The blogger wrote that her argument “may seem unfair and unjust,” but “allowing white males to continue to call the shots politically and economically, following their actions over the past 500 years, is the greater injustice.”
HuffPo South Africa’s editor in chief, Verashni Pillay, supported this idea. “Those who have held undue power granted to them by patriarchy must lose it for us to be truly equal. This seems blindingly obvious to us.”
But when the supposed author of the piece went unverified, the whole argument fell apart. I’d like to say this is another example of how liberalism undermines itself, calling for the benefits of the virtues it works against, but that bit of sense seems absent here. This is simply nonsense.
James McNamara reviews a new novel, written in the tradition of Robert Louis Stevenson, in the Washington Post:
“Stevenson spent his days roaming the sprawling legendary city by the bay, spending miserly sums on food and half a bottle of wine per night, and writing furiously to try to make enough money to support the family he would instantly have when married.” He also kicked around an idea for a novel, “Adventures of John Carson in Several Quarters of the World,” but, as Doyle writes, no evidence of his manuscript or John Carson has ever emerged.
From this truthful starting point, [Brian] Doyle imagines the book Stevenson might have written: a glorious, swashbuckling tale that celebrates love, friendship and the sheer delight of being alive.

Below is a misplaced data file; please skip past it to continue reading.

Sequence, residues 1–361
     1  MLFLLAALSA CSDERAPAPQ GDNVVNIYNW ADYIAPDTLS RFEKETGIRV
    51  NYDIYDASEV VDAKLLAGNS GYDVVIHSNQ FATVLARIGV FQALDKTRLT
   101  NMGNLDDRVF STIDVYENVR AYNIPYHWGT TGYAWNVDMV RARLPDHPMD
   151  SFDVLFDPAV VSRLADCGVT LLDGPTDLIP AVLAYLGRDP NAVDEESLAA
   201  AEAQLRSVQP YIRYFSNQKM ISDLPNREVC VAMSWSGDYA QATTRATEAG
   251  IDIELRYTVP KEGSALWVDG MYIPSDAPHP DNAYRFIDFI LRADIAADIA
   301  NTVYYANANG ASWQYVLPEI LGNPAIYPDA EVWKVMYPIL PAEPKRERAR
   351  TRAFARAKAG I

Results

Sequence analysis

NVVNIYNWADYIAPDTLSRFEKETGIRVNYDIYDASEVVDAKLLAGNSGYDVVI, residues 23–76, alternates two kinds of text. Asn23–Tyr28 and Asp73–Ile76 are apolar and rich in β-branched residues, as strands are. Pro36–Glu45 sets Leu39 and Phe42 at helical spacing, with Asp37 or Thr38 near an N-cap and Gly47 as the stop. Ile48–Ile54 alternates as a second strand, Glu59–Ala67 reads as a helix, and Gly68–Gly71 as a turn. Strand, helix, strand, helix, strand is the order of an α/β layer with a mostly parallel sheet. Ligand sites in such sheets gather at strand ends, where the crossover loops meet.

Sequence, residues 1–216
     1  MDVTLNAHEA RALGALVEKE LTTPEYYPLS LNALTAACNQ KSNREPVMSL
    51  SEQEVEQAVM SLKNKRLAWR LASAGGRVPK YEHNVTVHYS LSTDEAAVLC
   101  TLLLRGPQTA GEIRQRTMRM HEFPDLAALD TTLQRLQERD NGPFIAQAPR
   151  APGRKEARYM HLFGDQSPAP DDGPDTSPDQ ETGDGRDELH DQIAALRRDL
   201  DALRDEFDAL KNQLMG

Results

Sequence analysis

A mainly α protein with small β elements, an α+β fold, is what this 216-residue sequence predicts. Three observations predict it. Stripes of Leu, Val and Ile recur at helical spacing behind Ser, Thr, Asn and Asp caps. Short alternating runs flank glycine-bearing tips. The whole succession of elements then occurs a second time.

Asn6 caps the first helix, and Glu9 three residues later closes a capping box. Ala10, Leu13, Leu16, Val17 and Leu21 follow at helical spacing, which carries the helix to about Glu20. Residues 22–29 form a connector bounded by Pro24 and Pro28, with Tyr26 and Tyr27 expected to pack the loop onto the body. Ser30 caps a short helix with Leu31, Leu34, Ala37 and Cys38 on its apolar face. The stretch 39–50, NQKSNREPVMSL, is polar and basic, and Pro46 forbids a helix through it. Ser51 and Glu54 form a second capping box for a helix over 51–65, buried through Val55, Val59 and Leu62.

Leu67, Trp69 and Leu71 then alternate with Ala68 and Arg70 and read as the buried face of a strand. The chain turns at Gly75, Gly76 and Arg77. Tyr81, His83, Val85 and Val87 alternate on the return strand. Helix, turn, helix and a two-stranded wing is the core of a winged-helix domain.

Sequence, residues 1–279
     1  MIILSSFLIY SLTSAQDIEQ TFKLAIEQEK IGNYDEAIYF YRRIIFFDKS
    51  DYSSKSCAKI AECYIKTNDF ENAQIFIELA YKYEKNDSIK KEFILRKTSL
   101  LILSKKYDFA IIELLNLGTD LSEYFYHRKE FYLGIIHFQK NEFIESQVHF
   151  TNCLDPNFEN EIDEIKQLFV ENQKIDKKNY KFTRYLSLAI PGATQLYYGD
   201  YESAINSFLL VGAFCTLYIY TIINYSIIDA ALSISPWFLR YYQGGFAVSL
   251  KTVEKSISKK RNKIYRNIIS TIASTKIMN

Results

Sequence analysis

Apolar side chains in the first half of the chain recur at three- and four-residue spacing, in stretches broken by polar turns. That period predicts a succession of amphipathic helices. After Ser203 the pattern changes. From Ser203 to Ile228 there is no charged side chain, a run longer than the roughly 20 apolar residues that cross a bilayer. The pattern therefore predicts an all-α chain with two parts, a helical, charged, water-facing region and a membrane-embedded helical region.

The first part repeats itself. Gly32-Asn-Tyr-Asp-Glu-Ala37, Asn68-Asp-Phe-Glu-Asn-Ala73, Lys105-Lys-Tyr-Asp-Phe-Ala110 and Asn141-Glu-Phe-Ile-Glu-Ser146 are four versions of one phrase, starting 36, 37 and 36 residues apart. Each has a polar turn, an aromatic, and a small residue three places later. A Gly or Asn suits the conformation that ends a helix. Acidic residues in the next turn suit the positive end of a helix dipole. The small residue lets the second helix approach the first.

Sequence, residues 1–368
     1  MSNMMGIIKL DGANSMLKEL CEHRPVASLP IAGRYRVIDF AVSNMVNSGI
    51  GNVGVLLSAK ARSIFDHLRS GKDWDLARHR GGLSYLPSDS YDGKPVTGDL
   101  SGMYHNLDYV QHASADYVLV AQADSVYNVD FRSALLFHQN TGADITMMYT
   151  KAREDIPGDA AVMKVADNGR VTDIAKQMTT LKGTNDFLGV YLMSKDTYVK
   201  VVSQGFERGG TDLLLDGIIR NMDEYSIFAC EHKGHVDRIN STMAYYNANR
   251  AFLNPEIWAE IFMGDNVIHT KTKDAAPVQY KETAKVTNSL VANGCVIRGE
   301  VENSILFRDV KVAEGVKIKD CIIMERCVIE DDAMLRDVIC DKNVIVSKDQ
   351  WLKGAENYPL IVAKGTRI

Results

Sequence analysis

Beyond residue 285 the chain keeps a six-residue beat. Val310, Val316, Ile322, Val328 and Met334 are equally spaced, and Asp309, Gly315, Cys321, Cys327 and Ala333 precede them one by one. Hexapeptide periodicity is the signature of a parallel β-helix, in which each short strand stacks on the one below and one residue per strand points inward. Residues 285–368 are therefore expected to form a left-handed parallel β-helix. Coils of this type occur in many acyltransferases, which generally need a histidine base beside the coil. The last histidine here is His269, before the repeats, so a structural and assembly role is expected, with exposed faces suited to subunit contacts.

Hat tip: Books, Inq. Which got it (of course) from Dave Lull, Man of Mystery.
If you’re familiar with the classic novels featured in these six second videos, you’ll get the joke. Ad agencies have produced several of these quick takes by YouTube’s request in pursuit of a new, flash ad format to be displayed before other videos. At six seconds each, the ads can’t be skipped past.
In a similar vein, The Wild Detectives bookstore in Dallas is trying to “troll people into reading classic books through clickbait.” They call them “litbaits.” Headlines read, “British guy dies after selfie gone wrong” for The Picture of Dorian Grey. The links led to blog posts with the all of the book’s content included. That wouldn’t turn anyone away, would it?